DOE’s New Title IX Notice Proposes Dramatic Changes for Colleges
On November 16, 2018, the Department of Education published its proposed new Title IX regulations, as well as a one-page fact sheet and six-page background and summary document. You can find the DOE’s Press Release here. The proposed regulations (also referred to as a “Notice of Proposed Rulemaking” or “NPRM”) were formally published in the Federal Register on November 29, 2018. The DOE requests comments through January 28, 2019.
As you may recall, in September 2017 the DOE advised the public that these proposed new regulations were coming. On September 22, 2017, the DOE rescinded previous guidance issued by the Obama Administration, and issued the 2017 Title IX Q&A as an interim and temporary measure to provide information on the DOE’s views of the law.
As you have likely heard, the proposed new regulations offer sweeping and significant changes regarding how colleges will likely be required to handle complaints of sexual harassment and assault to comply with Title IX. It is anticipated that the DOE will not issue final regulations until the summer or fall of 2019. Moreover, there may be court challenges along the way. Nevertheless, these proposed regulations and the “preamble” tell us precisely what the DOE believes the law to be. Further, we should expect that the final regulations will generally track the proposed regulations.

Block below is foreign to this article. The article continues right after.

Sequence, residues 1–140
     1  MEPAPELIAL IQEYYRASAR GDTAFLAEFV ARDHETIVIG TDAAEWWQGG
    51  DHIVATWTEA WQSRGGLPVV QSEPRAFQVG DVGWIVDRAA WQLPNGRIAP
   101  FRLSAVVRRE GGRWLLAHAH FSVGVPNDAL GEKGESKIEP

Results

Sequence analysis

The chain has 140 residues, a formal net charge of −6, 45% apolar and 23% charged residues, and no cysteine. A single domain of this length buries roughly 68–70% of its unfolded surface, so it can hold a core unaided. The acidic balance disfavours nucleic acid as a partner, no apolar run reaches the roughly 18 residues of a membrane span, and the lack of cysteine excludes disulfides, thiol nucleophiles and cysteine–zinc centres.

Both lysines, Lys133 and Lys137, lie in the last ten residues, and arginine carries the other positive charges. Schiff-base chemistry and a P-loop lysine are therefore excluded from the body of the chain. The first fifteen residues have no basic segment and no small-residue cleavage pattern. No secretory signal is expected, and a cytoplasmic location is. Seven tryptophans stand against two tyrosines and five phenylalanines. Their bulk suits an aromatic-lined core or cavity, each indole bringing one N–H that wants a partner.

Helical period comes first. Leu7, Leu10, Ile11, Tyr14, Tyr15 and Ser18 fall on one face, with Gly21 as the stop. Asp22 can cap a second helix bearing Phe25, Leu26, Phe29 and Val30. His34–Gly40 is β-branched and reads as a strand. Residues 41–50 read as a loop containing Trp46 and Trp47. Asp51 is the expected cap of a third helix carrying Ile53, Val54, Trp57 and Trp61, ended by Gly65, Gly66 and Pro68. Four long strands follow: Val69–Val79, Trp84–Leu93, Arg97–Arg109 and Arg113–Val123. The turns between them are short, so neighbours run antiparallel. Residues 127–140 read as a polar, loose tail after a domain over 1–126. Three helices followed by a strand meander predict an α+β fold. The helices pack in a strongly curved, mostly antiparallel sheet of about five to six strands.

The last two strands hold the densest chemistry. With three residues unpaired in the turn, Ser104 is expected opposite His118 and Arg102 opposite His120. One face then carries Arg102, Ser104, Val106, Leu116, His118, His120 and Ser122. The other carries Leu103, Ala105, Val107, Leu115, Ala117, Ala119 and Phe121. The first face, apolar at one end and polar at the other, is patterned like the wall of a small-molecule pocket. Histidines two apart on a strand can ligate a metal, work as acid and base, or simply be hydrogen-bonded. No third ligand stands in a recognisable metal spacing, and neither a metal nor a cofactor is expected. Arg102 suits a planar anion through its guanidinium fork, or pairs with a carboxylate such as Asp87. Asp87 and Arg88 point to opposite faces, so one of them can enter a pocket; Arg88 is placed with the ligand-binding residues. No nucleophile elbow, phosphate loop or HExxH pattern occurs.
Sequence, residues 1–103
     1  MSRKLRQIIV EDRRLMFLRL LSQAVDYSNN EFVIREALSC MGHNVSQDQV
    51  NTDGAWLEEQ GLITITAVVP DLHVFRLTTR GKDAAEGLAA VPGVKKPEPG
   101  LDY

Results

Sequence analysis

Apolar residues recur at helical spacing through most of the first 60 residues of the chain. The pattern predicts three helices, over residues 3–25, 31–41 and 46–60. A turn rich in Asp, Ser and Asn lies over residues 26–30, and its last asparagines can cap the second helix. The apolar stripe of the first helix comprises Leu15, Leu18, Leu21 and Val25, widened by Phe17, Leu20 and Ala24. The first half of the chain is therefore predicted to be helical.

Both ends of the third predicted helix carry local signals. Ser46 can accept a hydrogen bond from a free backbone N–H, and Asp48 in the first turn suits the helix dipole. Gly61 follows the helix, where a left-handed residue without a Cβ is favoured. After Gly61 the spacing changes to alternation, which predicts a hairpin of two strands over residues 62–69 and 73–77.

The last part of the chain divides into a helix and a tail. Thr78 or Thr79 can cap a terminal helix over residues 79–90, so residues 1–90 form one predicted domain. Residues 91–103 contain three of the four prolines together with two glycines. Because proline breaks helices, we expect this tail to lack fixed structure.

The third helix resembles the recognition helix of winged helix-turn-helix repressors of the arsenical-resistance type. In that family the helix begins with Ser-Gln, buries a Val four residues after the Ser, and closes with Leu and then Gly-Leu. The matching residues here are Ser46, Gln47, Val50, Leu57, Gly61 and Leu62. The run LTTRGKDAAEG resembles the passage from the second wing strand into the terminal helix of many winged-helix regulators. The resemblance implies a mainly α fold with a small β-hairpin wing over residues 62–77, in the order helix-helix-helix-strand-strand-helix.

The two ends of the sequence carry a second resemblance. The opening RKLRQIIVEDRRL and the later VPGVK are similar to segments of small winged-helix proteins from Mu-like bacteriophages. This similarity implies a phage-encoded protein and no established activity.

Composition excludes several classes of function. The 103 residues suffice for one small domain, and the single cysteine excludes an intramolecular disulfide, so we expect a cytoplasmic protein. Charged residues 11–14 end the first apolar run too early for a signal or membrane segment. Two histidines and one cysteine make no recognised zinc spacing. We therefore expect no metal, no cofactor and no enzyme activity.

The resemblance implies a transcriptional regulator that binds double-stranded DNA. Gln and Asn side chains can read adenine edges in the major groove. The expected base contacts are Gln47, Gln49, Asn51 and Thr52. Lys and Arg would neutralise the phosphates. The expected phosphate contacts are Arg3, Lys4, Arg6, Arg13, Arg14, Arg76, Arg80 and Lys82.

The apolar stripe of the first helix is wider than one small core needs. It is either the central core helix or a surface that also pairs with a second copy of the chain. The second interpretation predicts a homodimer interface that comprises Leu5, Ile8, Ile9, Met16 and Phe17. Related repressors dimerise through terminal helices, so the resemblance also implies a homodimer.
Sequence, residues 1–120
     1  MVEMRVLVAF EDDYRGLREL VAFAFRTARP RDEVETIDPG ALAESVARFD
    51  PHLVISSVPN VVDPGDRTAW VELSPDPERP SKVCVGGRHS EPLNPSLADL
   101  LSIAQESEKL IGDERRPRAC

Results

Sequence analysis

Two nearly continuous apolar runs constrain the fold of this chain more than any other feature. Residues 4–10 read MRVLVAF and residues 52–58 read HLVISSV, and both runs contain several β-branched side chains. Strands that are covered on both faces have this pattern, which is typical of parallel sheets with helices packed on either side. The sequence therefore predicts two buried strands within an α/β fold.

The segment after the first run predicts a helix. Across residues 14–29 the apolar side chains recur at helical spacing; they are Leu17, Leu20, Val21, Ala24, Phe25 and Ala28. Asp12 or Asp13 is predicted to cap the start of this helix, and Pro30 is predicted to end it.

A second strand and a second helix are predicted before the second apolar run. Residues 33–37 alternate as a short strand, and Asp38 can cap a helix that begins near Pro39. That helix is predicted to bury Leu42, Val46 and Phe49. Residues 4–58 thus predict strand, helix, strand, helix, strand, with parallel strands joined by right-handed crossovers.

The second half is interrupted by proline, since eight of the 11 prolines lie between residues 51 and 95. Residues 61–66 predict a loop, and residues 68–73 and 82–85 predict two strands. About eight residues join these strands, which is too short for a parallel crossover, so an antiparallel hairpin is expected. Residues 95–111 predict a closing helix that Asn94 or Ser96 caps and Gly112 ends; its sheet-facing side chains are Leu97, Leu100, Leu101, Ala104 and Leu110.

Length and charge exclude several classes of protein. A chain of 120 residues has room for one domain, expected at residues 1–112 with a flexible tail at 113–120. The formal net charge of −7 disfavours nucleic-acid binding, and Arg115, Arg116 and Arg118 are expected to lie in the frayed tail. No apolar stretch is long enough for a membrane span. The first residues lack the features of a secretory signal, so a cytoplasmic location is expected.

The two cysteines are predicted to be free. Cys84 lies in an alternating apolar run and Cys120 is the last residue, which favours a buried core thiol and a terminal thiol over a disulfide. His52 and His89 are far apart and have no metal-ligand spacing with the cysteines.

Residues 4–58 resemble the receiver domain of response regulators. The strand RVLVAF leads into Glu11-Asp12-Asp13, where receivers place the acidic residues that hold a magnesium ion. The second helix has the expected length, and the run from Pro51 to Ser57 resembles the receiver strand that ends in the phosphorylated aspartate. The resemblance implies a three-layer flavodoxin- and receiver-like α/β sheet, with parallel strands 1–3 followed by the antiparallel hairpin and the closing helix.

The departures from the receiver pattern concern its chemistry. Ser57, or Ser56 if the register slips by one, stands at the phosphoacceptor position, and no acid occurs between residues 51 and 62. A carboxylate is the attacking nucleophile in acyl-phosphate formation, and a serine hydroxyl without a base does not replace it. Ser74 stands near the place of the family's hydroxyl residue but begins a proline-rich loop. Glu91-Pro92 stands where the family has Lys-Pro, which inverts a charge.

We encourage you to read the November 6 fact sheet, background document, and the Federal Register publication on November 29. The 33-page preamble accompanying the proposed regulations are especially important as it provides great detail on the DOE’s rationale and interpretation of the law. You can read the actual proposed regulations here.
As one example, as part of its proposed regulations for grievance procedures, the DOE emphasizes the training required for coordinators, investigators and decision makers to ensure that they do not have a conflict of interests or bias. In its preamble, the DOE explains, in part, as follows:
[Colleges] will also be required to use training materials that promote impartial investigations and adjudications and that do not rely on sex stereotypes, so as to avoid training that would cause the grievance process to favor one side or the other or bias outcomes in favor of complainants or respondents. — 83 Fed. Reg. No. 230 at 61473 (November 29, 2018)
Gentry Locke is well equipped to assist Colleges and Universities as you consider changes or updates to your policies and practices or if you have situations for which you need guidance or advice. Please contact Todd Leeson, David Paxton or any member of our College & University or Employment Law Practice Group if we can further assist you.